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Ben Roethlisberger hung up his Pittsburgh Steelers jersey for the last time when he officially announced his retirement after 18 seasons under center in the Steel City. Now, the conversation turns to whether he should be in the Hall of Fame and how soon he should get there.

One challenge the former Miami (OH) quarterback will face when his time to get into Canton comes is that he wasn’t exactly a workaholic, especially early in his career, like some of his signal-calling peers. Former NFL lineman Ross Tucker recently explained the narrative surrounding Big Ben’s practice habits and how it affects his legacy.

Ben Roethlisberger inarguably had a great career on the field 

The numbers speak for themselves when you look at Ben Roethlisberger’s career. He is retiring with the fifth-most passing yards in NFL history (64,088). The Pittsburgh Steelers QB is also fifth in completions (5,440), eighth in passing touchdowns (418), 16th in career passer rating (93.5), and third in fourth-quarter comebacks (41).

Roethlisberger posted a 165-81-1 record as a starter. He made the playoffs 11 times and walks away with a winning postseason record (13-10) and two Super Bowl trophies.

Most impressively, he never suffered a losing season with the Steelers.

Despite all of this, pundits often don’t talk about Roethlisberger in the same breath as the other great signal-callers of his generation.

Part of the reason is that he doesn’t have the squeaky-clean off-field track record that contemporaries like Tom Brady, Drew Brees, Eli Manning, and Philip Rivers do. The sexual assault allegations Roethlisberger faced early in his career have to be mentioned in any discussion of the quarterback’s career.

On a far less serious note, another issue that will come up in Hall of Fame discussions surrounding Big Ben is his lack of hard work outside of game days at points in his career.

Ross Tucker says that Big Ben didn’t work that hard early in his career 

Former NFL lineman-turned-analyst Ross Tucker joined the Dan Patrick Show on the day Ben Roethlisberger officially announced his retirement.

The host asked the Princeton grad what Roethlisberger’s ultimate legacy will be. Tucker responded by relating what he heard about the quarterback and his work ethic early in his career:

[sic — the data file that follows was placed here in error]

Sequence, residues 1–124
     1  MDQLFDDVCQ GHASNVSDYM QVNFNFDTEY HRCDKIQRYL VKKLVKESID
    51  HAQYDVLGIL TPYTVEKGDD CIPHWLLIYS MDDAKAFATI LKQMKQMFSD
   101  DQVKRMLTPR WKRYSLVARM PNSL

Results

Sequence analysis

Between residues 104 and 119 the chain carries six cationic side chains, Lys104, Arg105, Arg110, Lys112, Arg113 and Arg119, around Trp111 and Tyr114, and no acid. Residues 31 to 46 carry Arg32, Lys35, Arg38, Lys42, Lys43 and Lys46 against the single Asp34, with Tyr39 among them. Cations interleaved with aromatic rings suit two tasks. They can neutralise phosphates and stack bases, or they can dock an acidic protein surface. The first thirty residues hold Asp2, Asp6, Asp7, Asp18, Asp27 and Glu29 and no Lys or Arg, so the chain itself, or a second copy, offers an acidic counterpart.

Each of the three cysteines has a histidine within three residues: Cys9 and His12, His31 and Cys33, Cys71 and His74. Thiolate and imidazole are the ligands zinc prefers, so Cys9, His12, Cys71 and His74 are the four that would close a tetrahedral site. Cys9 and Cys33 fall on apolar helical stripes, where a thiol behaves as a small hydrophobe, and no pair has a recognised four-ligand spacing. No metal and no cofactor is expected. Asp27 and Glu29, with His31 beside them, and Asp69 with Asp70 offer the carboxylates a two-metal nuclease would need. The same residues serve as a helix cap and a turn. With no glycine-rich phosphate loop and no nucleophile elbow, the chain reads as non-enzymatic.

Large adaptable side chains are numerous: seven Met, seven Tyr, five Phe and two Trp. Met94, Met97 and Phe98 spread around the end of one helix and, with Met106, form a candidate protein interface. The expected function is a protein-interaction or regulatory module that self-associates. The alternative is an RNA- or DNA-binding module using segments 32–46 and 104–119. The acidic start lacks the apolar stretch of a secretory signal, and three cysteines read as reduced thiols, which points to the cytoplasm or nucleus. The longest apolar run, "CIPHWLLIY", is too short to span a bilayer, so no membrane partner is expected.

When he was first [in Pittsburgh] … he was the last guy to get there and the first guy to leave. That’s what I was told. And, some of the years, I was told his weight would get up there during the season to 260, 270, 275. And I remember distinctly thinking, “There’s no way this guy plays more than like 10 years.” What a terrible combination of not watching what you eat and your weight ballooning up and, you don’t put the time in to really be able to excel at the mental aspect of the game. He got by playing street ball early in his career.

Ross Tucker on Ben Roethlisberger

After going through Roethlisberger’s early-career work habits, though, Tucker explained that he would remember the 6-foot-5, 240(ish)-pound QB for “his ability to mature” both on and off the field throughout his career.  

Tucker’s overall conclusion is that Roethlisberger is a first-ballot Hall of Famer. The question is now, should he be?

Roethlisberger is a first-ballot Hall of Fame player

Quarterback Ben Roethlisberger of the Pittsburgh Steelers walks across the field during a 2004 Pittsburgh Steelers preseason game.
Ben Roethlisberger | Photo by George Gojkovich/Getty Images.

When deciding whether you would want a specific quarterback for your favorite team, there are plenty of personal or process arguments you can make against taking a signal-caller. Getting into the Pro Football Hall of Fame, though, should only be determined by results-based arguments.

And the results “Big” Ben Roethlisberger produced are unimpeachable.

Statistically, in the last 20-plus years, only Peyton Manning, Tom Brady, and Drew Brees are demonstrably better. Aaron Rodgers and Philip Rivers are close, but Roethlisberger is right there.

From a winning perspective, only four QBs have more Super Bowls than Roethlisberger. These players are Tom Brady (seven), Joe Montana and Terry Bradshaw (four), and Troy Aikman (three). Seven other signal-callers have two Lombardi Trophies like Big Ben. The only ones with a pair from his era are the Manning brothers.

Taking all this into account, Roethlisberger is the best QB to come out of the legendary 2004 NFL Draft. He is no worse than the fifth-best quarterback of his generation (2000-20) and easily one of the top 20 passers of all time.  

The numbers make Roethlisberger a no-doubt first-ballot Hall of Famer despite what you may think of him personally or professionally.

And if this doesn’t happen when his time comes because of voters’ personal feelings about the Pittsburgh Steelers QB, well, then Canton will become as big a joke as Cooperstown.

All stats courtesy of Pro Football Reference